So the punchline is the CTB will not meaningfully accomplish the five non-proliferation goals set out for it. It won't stop nations from designing and deploying nuclear weapons. It will not save the NPT. It will not detect militarily significant cheating. And the international norm that it would create is essentially not meaningful.

Thus, the potential benefits of the CTB to nuclear non-proliferation are meager. On the other hand, the CTB will have a profound impact on the ability of the United States to assure that its nuclear weapons continue to be safe, reliable and effective. Ratifying the CTB will foreclose the ability of the United States to modernize its nuclear forces because U.S. compliance will be certain. So the limited political benefits of the CTB are vastly outweighed by the costs to national security.

I would like to take one moment to correct what I view are some omissions or errors in fact of statements that have been made here today. I will be very brief.

One is that it was stated that we have had no need for nuclear testing since the [U.S.] moratorium began in 1992. Sig Hecker, the former director of Los Alamos National Laboratory, said in writing last fall that indeed there have been instances since 1992 that, had we not had a moratorium in effect, the U.S. technical community would have advised a nuclear test. That is the first point.

The second is Senator [John] Glenn [D-OH] pointed out that computers today are "able to replace testing." Laboratory directors have said that computers will not replace testing. Virtual reality cannot replace reality. More importantly, the head of the advanced supercomputer program at Lawrence Livermore National Laboratory has said that the success of the [U.S. computing] initiative is uncertain and we won't know for quite some time whether or not the computer systems will perform as planned.

Finally, a question was asked whether or not other nations had honored moratoria in the past. The answer is "no," they have not. Not only did the Soviet Union break out of the moratorium, leaving us flat-footed in the 1958 to 1961 timeframe, but also, as former Secretary of Defense Perry testified before Congress in January of 1996, the current moratorium may have been broken by Russia. No further public details were given on that so I can't go beyond that, but it appears that there was suspicious activity then.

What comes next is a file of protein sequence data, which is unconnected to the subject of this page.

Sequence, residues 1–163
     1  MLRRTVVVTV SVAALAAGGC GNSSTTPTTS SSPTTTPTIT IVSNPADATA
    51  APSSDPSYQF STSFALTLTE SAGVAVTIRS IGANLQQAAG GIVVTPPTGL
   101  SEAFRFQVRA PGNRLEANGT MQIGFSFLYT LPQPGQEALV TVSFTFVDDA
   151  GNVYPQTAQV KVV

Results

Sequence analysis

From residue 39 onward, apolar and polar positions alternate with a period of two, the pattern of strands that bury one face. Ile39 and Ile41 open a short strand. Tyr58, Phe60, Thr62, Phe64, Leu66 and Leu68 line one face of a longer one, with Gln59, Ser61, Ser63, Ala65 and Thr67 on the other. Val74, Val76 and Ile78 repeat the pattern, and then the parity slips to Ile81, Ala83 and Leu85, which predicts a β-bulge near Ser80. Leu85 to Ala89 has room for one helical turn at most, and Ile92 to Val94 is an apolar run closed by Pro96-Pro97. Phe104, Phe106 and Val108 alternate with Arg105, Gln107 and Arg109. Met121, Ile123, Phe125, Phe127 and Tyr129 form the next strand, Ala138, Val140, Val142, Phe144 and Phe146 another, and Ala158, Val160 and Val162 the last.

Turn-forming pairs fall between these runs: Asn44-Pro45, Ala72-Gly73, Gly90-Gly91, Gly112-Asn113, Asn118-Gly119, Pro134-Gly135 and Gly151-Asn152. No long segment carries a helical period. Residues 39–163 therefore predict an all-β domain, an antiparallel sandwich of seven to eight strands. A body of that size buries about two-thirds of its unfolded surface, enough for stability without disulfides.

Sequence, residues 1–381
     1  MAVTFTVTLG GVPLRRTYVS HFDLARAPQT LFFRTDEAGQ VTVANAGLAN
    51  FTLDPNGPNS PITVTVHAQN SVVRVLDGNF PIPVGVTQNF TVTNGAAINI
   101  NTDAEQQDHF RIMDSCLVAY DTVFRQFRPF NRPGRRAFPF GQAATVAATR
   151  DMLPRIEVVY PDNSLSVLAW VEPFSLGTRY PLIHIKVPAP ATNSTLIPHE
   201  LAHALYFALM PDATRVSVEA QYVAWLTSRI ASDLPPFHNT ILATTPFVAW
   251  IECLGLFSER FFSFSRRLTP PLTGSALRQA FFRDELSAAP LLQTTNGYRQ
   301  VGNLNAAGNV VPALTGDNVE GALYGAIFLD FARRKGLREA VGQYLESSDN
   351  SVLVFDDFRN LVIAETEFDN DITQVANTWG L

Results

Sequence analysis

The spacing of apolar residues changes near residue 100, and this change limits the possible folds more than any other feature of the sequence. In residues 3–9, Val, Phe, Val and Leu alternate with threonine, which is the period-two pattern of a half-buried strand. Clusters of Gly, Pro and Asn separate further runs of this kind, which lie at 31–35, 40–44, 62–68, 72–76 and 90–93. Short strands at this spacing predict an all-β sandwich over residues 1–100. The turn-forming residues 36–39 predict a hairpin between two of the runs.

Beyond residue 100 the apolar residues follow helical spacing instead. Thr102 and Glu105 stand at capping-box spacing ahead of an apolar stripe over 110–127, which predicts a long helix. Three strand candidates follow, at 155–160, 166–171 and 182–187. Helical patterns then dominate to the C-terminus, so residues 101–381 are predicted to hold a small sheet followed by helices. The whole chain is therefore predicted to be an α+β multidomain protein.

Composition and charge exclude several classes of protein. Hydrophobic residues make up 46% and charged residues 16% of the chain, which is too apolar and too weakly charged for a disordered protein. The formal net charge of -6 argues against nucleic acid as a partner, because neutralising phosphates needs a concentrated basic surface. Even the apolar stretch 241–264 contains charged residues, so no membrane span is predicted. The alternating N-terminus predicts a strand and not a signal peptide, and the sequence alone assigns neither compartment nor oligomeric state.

There are other factual difficulties, but I will stop now and turn to questions.

Thank you.

Kathleen C. Bailey, a senior fellow at Lawrence Livermore National Laboratory, servied as assistant director for nonproliferation at the Arms Control and Disarmament Agency (1987-1991) in the Bush administration.

Dhanapala to Head New UN Department

On January 14, UN Secretary-General Kofi Annan appointed Sri Lankan Ambassador Jayantha Dhanapala to head the newly re-established UN Department of Disarmament Affairs. Only weeks after his appointment, Annan selected Dhanapala to head the Special Group of diplomats overseeing inspection of Iraq's eight so-called presidential compounds, as agreed between Annan and Saddam Hussein February 23. (See page 30.) As UN undersecretary general for disarmament affairs, Dhanapala reports to Annan, but will be working under UN Special Commission head Ambassador Richard Butler during the inspection of the sites according to the new agreement.

Dhanapala, a long-time non-aligned movement participant in disarmament discussions who led the 1995 review conference which indefinitely extended the nuclear Non-Proliferation Treaty and represented Sri Lanka at the Geneva Conference on Disarmament (CD), took up his post on February 1 amid expectations that his new role will help elevate multilateral disarmament at the United Nations. With a budget of about $13 million (of a UN total of $2.52billion), it is hoped that Dhanapala can breath new life into to several flagging areas of disarmament, including weapons of mass destruction, small arms and landmines.

The new department will be responsible for organizing the meetings of the Preparatory Committees (PrepComs) for several treaty review conferences, including the NPT, the Comprehensive Test Ban Treaty, the Biological Weapons Convention and the Convention on Conventional Weapons. Through the department, the UN Secretariat will now be more closely connected to a broad range of disarmament matters, including the expert groups on disarmament issues, the status of multilateral arms regulation agreements and the UN Register of Conventional Arms.

Brazil to Consider Joining the NPT

Brazilian President Fernando Cardoso submitted the nuclear NonProliferation Treaty (NPT) to the Brazilian congress for ratification on June 20, nearly 20 years after the treaty was opened for signature. Should Brazil accede to the NPT, only four nations (Cuba, India, Israel and Pakistan) would remain outside of the regime. In 1990, Brazil renounced the nuclear weapons program it had been pursuing since the 1970s, and, in 1991, it signed an agreement with Argentina to establish a bilateral nuclear accountancy and control system to verify that each state's nuclear activities would be for peaceful uses only.

Brazil followed Argentina in joining the Treaty of Tlatelolco (a nuclear-weapon-free-zone accord covering Latin America and the Caribbean) in May 1994, but continued to resist joining the NPT on the basis of the treaty's discrimination between nuclear "haves" and "have-nots." Argentina acceded to the NPT in 1995.